I’m Going To Live How Long???

longevity bathing caps

You can get along swimmingly in retirement if you plan for the new reality of longer lifespans.

We’ve been telling clients for years that longevity – and the risk of outliving your money – is changing how you need to save and invest for retirement.

Now the headlines are finally catching up to what we’ve been saying all along.

“Longer life expectancies are ratcheting up the pressure on retirees to make their money last as long as they do,” proclaims a recent Wall Street Journal article by Karen Damato.

What happened? The Society of Actuaries (they compile the statistics used by the insurance industry) just revised their mortality estimates to reflect today’s ever longer lifespans.

The average 65-year old woman today is expected to make it to almost age 89. That’s an average, meaning that about half of all women will live even longer.

Men are expected to live on average to almost age 87, with roughly half living longer.

Here’s how this knowledge plays out in our office as we talk to clients about adjusting their financial plans to the new longevity reality.

The future’s so bright, you gotta wear shades. When we prepare retirement forecasts for clients, we usually assume they’ll live to age 95, or even 100, if they have parents now alive in their nineties. (We are continually amazed to learn how many friends and clients do have parents living – and, indeed, prospering –  into their mid- to late-nineties!)

“What?” they say.

“I’m not going to live that long!”

But what if they do? If we only knew exactly how long someone would live, our job would be a lot easier. We would make sure they spent just the right amount of money each year, with not a cent to spare on their last day on Earth.

But, alas! It doesn’t work that way. In real life, all we can do is estimate how long you’ll live and recommend you adjust your spending accordingly.

Making an impact. What’s the impact of living longer? No secret. You either need 1). a lot more money going into retirement, 2). a delayed retirement date, 3). a reduced spending plan, or 4). higher investment returns, or better yet, a mix of all four.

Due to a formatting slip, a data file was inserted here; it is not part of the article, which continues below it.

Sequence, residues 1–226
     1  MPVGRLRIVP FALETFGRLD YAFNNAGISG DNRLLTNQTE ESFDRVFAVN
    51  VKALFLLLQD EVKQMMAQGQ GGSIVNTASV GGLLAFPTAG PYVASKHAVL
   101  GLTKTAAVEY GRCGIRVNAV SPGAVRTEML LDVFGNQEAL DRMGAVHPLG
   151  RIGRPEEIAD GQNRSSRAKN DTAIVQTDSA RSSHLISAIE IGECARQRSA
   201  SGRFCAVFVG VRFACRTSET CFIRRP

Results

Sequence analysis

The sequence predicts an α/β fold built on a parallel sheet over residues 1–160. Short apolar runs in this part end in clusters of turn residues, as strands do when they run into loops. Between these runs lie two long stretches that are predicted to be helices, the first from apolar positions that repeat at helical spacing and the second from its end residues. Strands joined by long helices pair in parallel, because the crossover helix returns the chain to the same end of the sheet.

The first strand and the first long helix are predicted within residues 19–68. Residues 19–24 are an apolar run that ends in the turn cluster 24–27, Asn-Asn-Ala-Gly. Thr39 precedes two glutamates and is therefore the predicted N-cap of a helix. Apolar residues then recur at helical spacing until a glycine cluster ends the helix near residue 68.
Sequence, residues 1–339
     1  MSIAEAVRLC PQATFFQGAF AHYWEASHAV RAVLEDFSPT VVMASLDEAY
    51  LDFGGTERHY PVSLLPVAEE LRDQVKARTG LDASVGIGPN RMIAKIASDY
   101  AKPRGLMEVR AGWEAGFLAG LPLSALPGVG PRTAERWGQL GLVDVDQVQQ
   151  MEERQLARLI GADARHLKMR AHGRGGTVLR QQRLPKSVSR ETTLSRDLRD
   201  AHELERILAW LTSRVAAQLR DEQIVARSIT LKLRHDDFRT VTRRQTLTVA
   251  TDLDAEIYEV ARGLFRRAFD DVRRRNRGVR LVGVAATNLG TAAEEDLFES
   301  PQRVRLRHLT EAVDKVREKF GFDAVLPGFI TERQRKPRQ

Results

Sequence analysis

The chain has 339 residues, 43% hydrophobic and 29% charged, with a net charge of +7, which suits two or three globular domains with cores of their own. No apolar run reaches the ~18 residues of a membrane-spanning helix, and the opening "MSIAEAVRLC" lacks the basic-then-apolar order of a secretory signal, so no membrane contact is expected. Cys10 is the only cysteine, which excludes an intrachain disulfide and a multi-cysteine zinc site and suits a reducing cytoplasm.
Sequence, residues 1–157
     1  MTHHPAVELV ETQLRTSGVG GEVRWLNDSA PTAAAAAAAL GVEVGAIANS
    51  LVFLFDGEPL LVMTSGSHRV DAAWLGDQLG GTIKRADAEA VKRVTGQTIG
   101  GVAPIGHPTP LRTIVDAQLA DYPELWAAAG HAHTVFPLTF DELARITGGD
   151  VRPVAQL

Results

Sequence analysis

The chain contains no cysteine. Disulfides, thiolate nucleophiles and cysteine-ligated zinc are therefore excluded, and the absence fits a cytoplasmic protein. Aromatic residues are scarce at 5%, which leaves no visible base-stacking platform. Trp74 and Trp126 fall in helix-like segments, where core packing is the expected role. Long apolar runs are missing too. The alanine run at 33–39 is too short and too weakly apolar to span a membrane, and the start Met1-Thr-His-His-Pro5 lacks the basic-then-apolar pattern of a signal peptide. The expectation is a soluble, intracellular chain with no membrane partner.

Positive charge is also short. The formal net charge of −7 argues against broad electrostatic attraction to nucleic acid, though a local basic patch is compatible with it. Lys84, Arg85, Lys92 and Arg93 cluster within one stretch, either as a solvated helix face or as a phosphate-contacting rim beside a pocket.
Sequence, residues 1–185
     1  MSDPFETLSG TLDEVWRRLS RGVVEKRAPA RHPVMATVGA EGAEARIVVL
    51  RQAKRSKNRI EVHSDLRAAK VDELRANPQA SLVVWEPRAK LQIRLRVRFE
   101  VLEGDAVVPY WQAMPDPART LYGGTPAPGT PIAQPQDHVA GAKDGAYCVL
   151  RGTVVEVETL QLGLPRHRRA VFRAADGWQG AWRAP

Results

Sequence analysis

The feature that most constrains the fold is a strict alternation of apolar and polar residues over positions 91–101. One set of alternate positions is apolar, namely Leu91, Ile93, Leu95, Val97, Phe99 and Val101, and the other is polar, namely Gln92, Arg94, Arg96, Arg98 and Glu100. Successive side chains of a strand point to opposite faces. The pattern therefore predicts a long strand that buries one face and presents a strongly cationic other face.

The worst case scenario? You procrastinate and don’t save enough, bad health or other circumstances push you into early retirement, you chronically overspend, and you avoid risk by sitting in cash and CDs. That’s longevity Armageddon.

On the other hand, you’re likely to enjoy a long and prosperous encore if you save diligently, invest wisely, retire on schedule and monitor your spending. (And you’re guaranteed to be our absolute favorite client!).

Make the best of what you’ve got.  Today’s longevity has made it more important than ever to use your resources wisely. A significant resource, even for the wealthy, is Social Security. We advise clients on the optimal strategy to claim their Social Security benefits so they can maximize their lifetime income (believe it or not, there can be a difference of several hundred thousand dollars between options!).

People don’t always want to hear that delaying could be the best strategy. Many clients want to take their benefits as soon as possible, but today’s longer life spans have irrevocably changed the Social Security game plan.

Stay on the yellow brick road. We work hard to keep you on course once you’re in retirement. We continually review and adjust your portfolio, and tweak your spending strategy to make sure it’s not too high or too low. (Yes, we actually do ask certain clients each year to please spend more money!) There are a couple of different dynamic models we use to come up with your annual spending targets, but the important point is they do adjust for changes in the investment environment and your expected lifespan.

The takeaway: The new longevity reality is not necessarily something to fear. But it is something you need to manage so you don’t run out of money before you run out of life.


About Mari Adam

Mari Adam, Certified Financial Planner™ has been helping individuals and families chart their financial futures for over twenty-five years. Have a question about your financial situation? Ask Mari!

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